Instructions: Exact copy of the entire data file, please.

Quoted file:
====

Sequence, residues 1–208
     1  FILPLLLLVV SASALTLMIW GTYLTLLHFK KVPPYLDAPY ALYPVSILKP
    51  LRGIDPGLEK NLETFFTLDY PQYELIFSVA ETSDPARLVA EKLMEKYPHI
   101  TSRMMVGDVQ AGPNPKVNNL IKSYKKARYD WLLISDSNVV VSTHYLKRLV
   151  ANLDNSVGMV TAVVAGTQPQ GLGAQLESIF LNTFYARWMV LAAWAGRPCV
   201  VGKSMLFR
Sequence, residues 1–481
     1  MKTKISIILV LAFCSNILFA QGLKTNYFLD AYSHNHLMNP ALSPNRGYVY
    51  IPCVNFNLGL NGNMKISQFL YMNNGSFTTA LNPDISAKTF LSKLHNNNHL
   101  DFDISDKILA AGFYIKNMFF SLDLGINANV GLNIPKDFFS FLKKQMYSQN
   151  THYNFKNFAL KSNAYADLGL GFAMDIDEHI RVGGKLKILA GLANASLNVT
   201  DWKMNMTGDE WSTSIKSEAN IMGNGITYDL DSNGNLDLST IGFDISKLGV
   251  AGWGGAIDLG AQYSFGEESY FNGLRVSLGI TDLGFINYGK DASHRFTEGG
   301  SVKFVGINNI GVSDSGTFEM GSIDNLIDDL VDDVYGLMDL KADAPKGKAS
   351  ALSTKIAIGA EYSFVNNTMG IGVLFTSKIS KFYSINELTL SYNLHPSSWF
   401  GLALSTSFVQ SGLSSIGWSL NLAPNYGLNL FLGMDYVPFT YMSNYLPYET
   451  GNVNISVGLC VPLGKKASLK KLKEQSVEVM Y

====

Sequence, residues 1–208
     1  FILPLLLLVV SASALTLMIW GTYLTLLHFK KVPPYLDAPY ALYPVSILKP
    51  LRGIDPGLEK NLETFFTLDY PQYELIFSVA ETSDPARLVA EKLMEKYPHI
   101  TSRMMVGDVQ AGPNPKVNNL IKSYKKARYD WLLISDSNVV VSTHYLKRLV
   151  ANLDNSVGMV TAVVAGTQPQ GLGAQLESIF LNTFYARWMV LAAWAGRPCV
   201  VGKSMLFR
Sequence, residues 1–481
     1  MKTKISIILV LAFCSNILFA QGLKTNYFLD AYSHNHLMNP ALSPNRGYVY
    51  IPCVNFNLGL NGNMKISQFL YMNNGSFTTA LNPDISAKTF LSKLHNNNHL
   101  DFDISDKILA AGFYIKNMFF SLDLGINANV GLNIPKDFFS FLKKQMYSQN
   151  THYNFKNFAL KSNAYADLGL GFAMDIDEHI RVGGKLKILA GLANASLNVT
   201  DWKMNMTGDE WSTSIKSEAN IMGNGITYDL DSNGNLDLST IGFDISKLGV
   251  AGWGGAIDLG AQYSFGEESY FNGLRVSLGI TDLGFINYGK DASHRFTEGG
   301  SVKFVGINNI GVSDSGTFEM GSIDNLIDDL VDDVYGLMDL KADAPKGKAS
   351  ALSTKIAIGA EYSFVNNTMG IGVLFTSKIS KFYSINELTL SYNLHPSSWF
   401  GLALSTSFVQ SGLSSIGWSL NLAPNYGLNL FLGMDYVPFT YMSNYLPYET
   451  GNVNISVGLC VPLGKKASLK KLKEQSVEVM Y